3. The class was the rockiest I’ve ever had, and the pain is not quite done yet. All the participants wanted to be Traffic Skills certified in the worst way, but none of them even owned bikes. They weren’t sure which side of the road a bicycle user should ride on, and one gal had never learned how to ride a bike at all — not at all. None of them felt comfortable enough to raise the seat to anywhere near the right height for good knee extension, because that would mean your feet can’t easily reach the ground while you’re sitting on the seat. TS101 certification means you have demonstrated a certain facility with the bicycle, and I honestly couldn’t say any of them got close to that facility during the two-day training. What a horrible position for me to be in: How do I give them the chance to be certified but not compromise my integrity?
Needless to say, the traffic law portion of the class, which I do by having people act and talk out various scenarios with mini-bikes in a model intersection, did not go as smoothly as usual. Normally people have some idea how bicyclists should behave, but I think these participants literally had no conception of anything to do with bikes before I came in. That’s sure how it felt. They all had a good attitude and engaged in the class, but by the end of Thursday I was exhausted — and still had Friday to go.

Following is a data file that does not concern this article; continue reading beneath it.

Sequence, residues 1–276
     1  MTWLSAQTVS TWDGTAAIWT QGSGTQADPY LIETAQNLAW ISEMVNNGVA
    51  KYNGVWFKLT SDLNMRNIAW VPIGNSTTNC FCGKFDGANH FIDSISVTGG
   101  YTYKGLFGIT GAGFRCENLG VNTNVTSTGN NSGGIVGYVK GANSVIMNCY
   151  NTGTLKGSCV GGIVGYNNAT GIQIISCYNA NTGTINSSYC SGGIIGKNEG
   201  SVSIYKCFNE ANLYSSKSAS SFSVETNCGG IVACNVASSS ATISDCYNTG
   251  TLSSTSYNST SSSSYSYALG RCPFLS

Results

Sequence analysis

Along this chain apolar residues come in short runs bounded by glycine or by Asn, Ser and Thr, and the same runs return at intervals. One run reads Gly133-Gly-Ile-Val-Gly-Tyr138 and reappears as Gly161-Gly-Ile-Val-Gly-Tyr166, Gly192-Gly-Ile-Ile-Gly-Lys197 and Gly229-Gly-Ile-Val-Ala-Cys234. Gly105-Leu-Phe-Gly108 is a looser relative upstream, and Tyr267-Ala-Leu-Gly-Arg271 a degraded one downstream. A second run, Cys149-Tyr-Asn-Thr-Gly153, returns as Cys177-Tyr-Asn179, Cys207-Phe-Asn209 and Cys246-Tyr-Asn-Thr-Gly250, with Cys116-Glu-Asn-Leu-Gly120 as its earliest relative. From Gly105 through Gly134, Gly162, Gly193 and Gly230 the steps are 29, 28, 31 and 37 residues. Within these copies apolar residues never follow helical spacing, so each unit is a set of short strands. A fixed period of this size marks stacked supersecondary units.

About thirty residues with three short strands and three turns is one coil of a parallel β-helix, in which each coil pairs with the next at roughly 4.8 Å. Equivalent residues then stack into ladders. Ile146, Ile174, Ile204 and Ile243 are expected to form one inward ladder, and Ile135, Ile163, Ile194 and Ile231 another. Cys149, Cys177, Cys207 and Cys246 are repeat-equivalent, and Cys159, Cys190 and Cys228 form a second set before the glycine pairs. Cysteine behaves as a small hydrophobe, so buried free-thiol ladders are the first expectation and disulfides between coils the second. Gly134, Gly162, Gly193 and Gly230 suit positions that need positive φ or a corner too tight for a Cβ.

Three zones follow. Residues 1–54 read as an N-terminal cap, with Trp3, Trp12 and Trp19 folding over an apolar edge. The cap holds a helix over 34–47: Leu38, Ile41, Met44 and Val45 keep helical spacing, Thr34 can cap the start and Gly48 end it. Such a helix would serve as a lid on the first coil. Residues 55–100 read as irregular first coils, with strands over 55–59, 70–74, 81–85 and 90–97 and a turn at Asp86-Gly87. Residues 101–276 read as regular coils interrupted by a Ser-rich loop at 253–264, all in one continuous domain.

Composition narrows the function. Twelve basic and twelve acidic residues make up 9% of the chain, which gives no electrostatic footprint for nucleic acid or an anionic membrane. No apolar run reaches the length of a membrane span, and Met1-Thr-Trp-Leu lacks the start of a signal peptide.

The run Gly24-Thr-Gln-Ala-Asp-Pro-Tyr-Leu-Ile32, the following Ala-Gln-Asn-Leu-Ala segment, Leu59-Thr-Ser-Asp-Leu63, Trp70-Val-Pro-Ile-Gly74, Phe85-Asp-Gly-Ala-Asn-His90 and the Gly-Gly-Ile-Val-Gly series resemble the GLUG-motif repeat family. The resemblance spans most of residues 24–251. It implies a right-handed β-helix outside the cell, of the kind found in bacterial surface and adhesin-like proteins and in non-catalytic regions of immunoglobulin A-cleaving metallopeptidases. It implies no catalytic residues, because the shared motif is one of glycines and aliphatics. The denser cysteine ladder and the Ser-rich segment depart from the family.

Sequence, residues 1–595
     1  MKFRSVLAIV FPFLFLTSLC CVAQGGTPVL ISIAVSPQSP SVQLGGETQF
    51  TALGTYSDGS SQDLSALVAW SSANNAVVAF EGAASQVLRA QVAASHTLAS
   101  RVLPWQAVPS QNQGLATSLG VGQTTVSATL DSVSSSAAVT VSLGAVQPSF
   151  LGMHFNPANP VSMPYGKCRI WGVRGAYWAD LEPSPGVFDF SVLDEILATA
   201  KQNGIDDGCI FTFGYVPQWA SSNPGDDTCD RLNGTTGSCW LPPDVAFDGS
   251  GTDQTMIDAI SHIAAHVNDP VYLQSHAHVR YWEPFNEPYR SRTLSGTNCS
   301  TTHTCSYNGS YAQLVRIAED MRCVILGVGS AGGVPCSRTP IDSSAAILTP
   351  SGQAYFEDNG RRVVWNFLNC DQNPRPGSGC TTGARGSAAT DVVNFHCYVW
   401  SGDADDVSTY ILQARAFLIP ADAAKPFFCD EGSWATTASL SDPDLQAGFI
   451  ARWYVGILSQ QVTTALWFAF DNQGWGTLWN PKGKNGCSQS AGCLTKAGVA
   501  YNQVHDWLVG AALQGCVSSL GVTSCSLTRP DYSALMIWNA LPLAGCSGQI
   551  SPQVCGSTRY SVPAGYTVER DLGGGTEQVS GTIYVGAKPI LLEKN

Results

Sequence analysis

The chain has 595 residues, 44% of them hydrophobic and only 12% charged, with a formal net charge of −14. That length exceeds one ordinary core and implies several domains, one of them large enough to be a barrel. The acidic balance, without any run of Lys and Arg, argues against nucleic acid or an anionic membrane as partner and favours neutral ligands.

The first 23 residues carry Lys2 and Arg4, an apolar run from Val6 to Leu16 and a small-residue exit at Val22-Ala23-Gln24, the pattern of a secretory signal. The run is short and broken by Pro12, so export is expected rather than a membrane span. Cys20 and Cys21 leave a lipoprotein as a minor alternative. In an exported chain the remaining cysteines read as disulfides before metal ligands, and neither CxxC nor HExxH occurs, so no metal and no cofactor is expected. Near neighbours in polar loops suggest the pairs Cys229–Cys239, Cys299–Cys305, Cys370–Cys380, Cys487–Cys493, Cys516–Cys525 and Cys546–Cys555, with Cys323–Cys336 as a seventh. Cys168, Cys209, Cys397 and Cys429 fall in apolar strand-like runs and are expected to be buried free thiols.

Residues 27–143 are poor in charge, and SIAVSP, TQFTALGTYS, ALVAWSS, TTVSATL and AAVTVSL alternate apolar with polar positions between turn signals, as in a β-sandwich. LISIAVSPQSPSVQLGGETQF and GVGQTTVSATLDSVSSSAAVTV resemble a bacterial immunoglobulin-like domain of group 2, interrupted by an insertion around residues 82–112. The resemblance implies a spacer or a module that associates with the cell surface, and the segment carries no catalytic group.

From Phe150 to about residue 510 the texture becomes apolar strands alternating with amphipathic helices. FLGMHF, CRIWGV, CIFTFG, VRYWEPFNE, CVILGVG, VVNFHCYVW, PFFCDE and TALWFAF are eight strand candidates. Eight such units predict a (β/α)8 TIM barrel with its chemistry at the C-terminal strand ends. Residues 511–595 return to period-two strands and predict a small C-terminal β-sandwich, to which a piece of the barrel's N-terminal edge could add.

Fortunately Day 2 usually goes more smoothly than Day 1, and that was mostly true with this training as well. We watched the video and then went out for the “road ride.” They were really anxious about it, and had expressed extreme reservations about riding in town (too many cars) or out of town (no space on the road for bikes, high speed limits). Plus, it was 6 people, and that’s about as many as I can handle as a solo LCI. Everybody did beautifully, though; one of the joys of teaching this class is watching people transform from tentative, fearful, uncertainty to riding safely and predictably. Three of the six said they planned to try to work biking into their lives more after the class. That makes up for so much.
Then we went through the kids’ curriculum lesson plans. When they read through them, their comments started to alarm me: Each person said “I’d split this lesson into two or three classes,” and by the end they’d decided it would work better as a 6- to 8-week unit. They didn’t think they could do it this school year. In past classes, I’ve kept very hands-off for this portion of the lesson and I tend to defer to their teaching expertise. They’re the PE teachers, and they know their students; I can’t come in and pretend to be an expert on that aspect of the training, when I patently know way less than they do. I kept hands-off during this training, too, but I’m afraid it may have been a mistake. They have bikes and a trailer. What if, because of the way they interpreted the lessons and because I didn’t correct them, they end up doing something totally off?
4. I mentioned that it’s not over yet. Part of how I dealt with the certification issue was I decided to email each participant individually to tell each what they need to work on in order to be certified. So I have to email them that. They’ll have to send me videos of themselves completing the skills successfully and then I’ll have to send them certificates. Makes me tired just thinking about it. However, I don’t have any work for the foreseeable future, so I suppose that’ll give me a trickle of work.